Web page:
That makes me thankful for my modern local Kroger.

CD
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Old 03-09-2019, 08:39 PM   #16
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Okey, dokey.


One of my favorite ways to bake onions, especially Vidalias, is to peel, and core the stem end (using a fruit baller), then insert one beef bouillon cube and a teaspoon of butter, NO margarine into the cavity. One onion per person in this case. Place the onions, cavity up, in a baking dish. Add about a 1/4-inch of water in the dish, cover tightly with foil and bake at 350F for about an hour.


Omigosh! Soooooo good! Especially with steak or beef roast.
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Old 03-11-2019, 04:21 AM   #17
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i like this recipe for a stuffed onion.

https://www.cinnamonspiceandeverythi...tuffed-onions/
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Old 03-11-2019, 08:18 AM   #18
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I actually did those onions last night - and they are delish ... but...

I think I would rather do all the prep before the cooking - not trying to handle hot after.

So will try Katie's next - and then the stuffed one when I have company coming.

As to Townsends' videos - I enjoy the history part - it's why I have watched them on several occasions. The recipes are usually simple enough but doable is another story - the ingredients are often just not available anymore as well. The end results are not what they were "way back when".
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Old 03-11-2019, 11:51 AM   #19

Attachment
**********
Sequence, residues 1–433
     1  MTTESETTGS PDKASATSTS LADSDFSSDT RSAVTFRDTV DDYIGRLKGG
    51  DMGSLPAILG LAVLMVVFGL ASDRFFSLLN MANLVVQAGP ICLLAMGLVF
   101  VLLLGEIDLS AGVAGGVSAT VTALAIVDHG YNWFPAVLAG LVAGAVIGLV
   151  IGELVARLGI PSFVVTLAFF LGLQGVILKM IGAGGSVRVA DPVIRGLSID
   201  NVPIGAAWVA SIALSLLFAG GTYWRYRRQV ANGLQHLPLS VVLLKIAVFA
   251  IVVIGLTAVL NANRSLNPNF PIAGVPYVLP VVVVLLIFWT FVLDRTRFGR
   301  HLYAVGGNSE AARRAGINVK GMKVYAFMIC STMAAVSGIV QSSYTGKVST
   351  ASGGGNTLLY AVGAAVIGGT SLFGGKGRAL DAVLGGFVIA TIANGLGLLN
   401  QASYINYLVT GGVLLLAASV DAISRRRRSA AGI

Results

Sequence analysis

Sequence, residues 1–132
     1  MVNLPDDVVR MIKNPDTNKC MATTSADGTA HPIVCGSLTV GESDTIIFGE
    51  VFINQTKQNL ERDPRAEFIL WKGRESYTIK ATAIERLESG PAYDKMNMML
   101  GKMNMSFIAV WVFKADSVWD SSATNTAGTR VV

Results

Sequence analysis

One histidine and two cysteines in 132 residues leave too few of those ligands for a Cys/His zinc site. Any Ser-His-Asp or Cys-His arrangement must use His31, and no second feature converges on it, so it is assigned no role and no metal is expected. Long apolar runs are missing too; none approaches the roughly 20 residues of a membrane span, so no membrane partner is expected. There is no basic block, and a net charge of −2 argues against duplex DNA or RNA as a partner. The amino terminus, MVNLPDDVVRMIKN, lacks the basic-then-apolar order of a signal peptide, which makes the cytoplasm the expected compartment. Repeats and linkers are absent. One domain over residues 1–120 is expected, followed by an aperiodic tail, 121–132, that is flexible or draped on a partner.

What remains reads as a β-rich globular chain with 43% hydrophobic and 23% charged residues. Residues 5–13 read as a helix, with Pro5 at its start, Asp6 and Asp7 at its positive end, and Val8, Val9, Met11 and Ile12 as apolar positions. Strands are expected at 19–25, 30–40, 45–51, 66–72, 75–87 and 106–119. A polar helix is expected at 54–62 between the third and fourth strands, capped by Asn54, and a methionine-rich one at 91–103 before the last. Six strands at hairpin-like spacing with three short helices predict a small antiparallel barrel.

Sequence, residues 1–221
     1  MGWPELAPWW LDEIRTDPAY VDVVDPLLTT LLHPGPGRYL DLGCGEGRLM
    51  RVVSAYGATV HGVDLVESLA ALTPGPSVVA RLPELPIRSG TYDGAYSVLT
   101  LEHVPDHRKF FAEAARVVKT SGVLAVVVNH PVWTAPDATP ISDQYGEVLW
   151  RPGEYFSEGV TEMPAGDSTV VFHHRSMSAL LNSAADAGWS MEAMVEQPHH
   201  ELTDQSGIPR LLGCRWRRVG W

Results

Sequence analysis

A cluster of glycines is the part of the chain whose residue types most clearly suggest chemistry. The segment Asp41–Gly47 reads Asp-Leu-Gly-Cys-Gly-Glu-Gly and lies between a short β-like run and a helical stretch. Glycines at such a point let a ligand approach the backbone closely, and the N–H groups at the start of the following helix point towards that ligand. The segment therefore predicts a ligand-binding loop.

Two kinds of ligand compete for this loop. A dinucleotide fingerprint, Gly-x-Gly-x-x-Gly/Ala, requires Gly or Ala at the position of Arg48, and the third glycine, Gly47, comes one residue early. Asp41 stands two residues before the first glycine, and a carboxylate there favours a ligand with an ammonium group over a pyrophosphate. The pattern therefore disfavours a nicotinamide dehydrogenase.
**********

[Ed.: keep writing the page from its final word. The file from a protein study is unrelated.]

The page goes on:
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Quote:
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Okey, dokey.


One of my favorite ways to bake onions, especially Vidalias, is to peel, and core the stem end (using a fruit baller), then insert one beef bouillon cube and a teaspoon of butter, NO margarine into the cavity. One onion per person in this case. Place the onions, cavity up, in a baking dish. Add about a 1/4-inch of water in the dish, cover tightly with foil and bake at 350F for about an hour.

Omigosh! Soooooo good! Especially with steak or beef roast.
I love Valdalias. Every time I shop, I get a five pound bag of yellow onions, and then being the selfish person I want to be, I also toss four or five Valdalias into my cart. Pirate knows. DOUN'T TOUCH! Then comes the day to eat all of them in one sitting. Melt a large pat of butter over low heat and toss in the thinly sliced Valdalias. For me that is a whole meal. I have always loved sautéed onions. Now I have a reason to try them roasted. If Pirate is lucky, I just might let him have one. The smallest one I can find.
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Old 03-11-2019, 01:09 PM   #20
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I enjoy watching some of the James Towsend video's because of the food history involved. It makes me think about how lucky I am to no longer have to cook that way. I remember him talking about the biggest challenge to the kitchen in those days was being able to efficiently clean dishes and pots. I don't watch his video's to learn how to cook. I know how to do that.
Thanks for the post Kleenex, I enjoyed it.
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Roasted Onion Recipe... [url]https://www.youtube.com/watch?v=xV9spqCzSkQ[/url] Just keeping it super simple:chef: 3 stars 1 reviews